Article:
War of the Rebellion: Serial 009 Page 0160 OPERATIONS IN NORTH CAROLINA. Chapter XX.

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On February 15 I addressed to General Huger the following:


February 15, 1862.

Major General B. HUGER, Commanding, &c.:

SIR: I have forward all extra baggage and stores (saving just what is necessary of commissary stores) to the Great Bridge. Had determined to take post a while at the Northwest River, but finding no quarters, and the weather being very bad in which to expose my men, I concluded it best to fall back to Great Bridge, there to erect quarters, intrench myself, and thence move upon the enemy in case he attempts to penetrate the country and seize on the little canal leading from Northwest River to the Dismal Swamp Canal. I shall try to obstruct Northwest River and Tull Creek, and will fight the enemy at both points. If the passes or crosses south of me before I can obstruct him, I will block the streams and canals behind him and harass his rear.

I beg you to order Colonel J. Lucius Davis, at Garysburg, to send three, if he can (two, at all events), of his companies of cavalry, by the shortest route, via South Mills or Sawyer's Creek, to me at North West River Bridge. With his remaining companies (six, if he has them, or as many as he has) he will take the most eligible position northeast of Edenton, as near that place as prudent, so as to communicate both with South Mills or Colonel Wright's command and mine.

Captain Belsches' company is overtaxed in vedette service from Currituck Court-House Norfolk and to Elizabeth City and South Mills. I ask that you will order Colonel Davis to scout the enemy's cavalry, said to be 150, landed at Edenton, to their saddle-girths. He must not let them penetrate the country beyond cannon range.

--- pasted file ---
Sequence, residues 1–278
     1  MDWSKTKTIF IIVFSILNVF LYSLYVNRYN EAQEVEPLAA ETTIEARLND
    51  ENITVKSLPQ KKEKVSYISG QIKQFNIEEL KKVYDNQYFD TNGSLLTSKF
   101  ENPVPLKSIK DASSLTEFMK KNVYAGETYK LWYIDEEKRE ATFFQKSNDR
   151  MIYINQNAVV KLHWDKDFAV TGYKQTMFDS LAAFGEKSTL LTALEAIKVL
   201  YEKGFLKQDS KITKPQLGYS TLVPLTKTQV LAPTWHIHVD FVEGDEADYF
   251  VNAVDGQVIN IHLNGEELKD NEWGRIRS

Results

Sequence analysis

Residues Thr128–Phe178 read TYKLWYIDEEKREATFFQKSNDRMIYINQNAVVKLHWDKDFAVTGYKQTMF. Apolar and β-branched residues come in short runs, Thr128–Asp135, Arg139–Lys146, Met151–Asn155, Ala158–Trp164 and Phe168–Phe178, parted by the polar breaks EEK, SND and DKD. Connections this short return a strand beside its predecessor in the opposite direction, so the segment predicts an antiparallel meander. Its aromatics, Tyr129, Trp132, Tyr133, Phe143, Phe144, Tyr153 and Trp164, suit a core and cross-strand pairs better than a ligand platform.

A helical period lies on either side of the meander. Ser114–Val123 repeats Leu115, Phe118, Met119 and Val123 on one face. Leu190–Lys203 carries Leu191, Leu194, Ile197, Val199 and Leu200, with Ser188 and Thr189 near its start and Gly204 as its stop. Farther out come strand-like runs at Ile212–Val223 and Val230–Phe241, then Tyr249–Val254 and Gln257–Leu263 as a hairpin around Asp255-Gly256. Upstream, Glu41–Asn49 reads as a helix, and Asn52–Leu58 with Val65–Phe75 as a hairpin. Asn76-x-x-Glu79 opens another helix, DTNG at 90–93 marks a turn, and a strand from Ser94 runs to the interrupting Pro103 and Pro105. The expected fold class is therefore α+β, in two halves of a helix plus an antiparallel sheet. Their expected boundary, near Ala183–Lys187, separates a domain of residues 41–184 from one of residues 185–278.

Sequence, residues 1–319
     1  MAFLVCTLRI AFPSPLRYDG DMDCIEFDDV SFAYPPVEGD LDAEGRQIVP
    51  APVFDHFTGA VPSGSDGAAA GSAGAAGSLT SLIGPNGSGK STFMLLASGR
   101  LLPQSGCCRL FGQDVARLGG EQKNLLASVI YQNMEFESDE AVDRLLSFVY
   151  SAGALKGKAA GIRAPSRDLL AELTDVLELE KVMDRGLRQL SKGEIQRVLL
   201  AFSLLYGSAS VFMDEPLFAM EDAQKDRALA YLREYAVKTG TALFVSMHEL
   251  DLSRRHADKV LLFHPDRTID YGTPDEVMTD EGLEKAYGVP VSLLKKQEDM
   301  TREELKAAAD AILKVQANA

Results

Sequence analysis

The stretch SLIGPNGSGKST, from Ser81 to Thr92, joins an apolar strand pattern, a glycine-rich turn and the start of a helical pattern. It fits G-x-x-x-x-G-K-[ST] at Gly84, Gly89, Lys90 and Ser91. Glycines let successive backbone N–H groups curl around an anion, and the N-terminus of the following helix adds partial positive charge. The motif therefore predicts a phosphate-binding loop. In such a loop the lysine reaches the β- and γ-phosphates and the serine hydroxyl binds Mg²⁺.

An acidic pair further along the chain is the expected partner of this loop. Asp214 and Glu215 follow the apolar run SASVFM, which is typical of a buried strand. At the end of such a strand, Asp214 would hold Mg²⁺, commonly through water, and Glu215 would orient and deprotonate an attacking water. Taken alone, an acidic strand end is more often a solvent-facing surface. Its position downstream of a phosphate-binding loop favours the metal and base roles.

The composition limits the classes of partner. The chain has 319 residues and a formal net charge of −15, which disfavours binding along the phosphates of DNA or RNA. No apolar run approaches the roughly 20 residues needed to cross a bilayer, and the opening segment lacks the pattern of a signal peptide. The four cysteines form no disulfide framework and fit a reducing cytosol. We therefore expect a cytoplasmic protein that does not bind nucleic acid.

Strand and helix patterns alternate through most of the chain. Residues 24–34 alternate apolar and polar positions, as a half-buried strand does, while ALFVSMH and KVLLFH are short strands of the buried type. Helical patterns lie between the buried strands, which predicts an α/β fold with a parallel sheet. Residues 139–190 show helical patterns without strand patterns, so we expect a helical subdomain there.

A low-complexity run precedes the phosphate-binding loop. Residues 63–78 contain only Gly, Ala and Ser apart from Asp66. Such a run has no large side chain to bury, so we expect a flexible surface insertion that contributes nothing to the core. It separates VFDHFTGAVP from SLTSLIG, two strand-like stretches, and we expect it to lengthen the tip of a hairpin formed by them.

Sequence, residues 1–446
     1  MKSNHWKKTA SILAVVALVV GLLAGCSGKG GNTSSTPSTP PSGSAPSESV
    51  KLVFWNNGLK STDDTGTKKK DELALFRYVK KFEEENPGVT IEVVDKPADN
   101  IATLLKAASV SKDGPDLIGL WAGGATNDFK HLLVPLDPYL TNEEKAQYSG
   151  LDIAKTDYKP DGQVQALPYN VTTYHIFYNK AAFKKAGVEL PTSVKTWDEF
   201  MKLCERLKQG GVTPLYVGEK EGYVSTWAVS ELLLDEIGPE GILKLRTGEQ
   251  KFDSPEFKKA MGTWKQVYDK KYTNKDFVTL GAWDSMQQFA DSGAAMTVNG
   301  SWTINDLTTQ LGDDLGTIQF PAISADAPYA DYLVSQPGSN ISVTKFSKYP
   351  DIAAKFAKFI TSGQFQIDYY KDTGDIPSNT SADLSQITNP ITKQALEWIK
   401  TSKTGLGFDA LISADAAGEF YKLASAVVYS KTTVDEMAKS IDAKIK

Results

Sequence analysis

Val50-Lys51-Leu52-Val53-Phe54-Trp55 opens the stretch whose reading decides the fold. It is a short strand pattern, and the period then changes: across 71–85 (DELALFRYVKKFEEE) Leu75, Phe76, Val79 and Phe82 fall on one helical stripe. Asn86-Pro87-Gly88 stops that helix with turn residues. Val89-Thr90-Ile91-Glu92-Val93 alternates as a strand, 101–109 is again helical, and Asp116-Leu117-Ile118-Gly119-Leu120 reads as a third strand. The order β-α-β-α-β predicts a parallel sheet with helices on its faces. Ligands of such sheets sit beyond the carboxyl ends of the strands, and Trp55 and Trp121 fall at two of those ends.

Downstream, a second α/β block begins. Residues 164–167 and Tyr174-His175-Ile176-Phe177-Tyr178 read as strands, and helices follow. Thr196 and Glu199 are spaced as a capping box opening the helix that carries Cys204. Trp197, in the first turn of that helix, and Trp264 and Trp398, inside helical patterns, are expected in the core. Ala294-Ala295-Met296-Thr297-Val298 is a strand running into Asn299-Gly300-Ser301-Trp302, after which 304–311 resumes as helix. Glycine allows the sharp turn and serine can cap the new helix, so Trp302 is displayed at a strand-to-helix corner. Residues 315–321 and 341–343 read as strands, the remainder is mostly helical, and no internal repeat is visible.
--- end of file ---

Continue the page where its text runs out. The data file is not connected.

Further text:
The enemy has left the Currituck Canal Bridge and Elizabeth City. No report of them to-day. They said at the bridge their purpose was to attack the rear of Norfolk from several points simultaneously.

I will arrange the defenses of Great Bridge. Send Colonel Henningsen on there to-day. He joined me yesterday. I follow with a rear guard of infantry, in charge of baggage and stores, to-morrow morning.

My march is necessarily scattered to get quarters. As soon as I make matters safe and systematic at Great Bridge I will return and establish a post at Northwest and Falls Bridges, obstruct these streams, and endeavor to join Colonel Davis. Cavalry is our only means of communication now.

I inclose orders to Colonel Davis, which I hope you will approve.

I received your acceptance of General Burnside's proposition, and forwarded it to Elizabeth City immediately, in charge of Captain Belsches, having no steam-tugs to convey it to the island.

With great respect, your obedient servant,



P. S.-From personal inspection and all reliable information it is certain there is an abundance of forage an provisions in the country between this and Edenton.

Meeting General Huger here at the Great Bridge on the 19th, he expressed his surprise that I should have fallen back to this point, after having left me full discretion to select whatever position I could occupy most usefully; after warning me that the enemy might pass around my position at Currituck Canal Bridge; after being regularly informed of my intention to fall back, and after knowing that the enemy had already appeared at the North River end of the Currituck section of the canal, might remove the obstructions there, and by passing up Currituck Sound cut me off sure enough, or might attack the Northwest or Little Canal and gain the Dismal Swamp Canal, or land at North Landing and seize this section of the Albemarle and Chesapeake Canal and seriously threaten the rear of Norfolk, and after being informed that there were no quarters for my men at a very bad season, and no defensible position by a small force between this and Currituck Canal Bridge.!

The same day (19th) I received an order from the War Department, to which I replied as follows: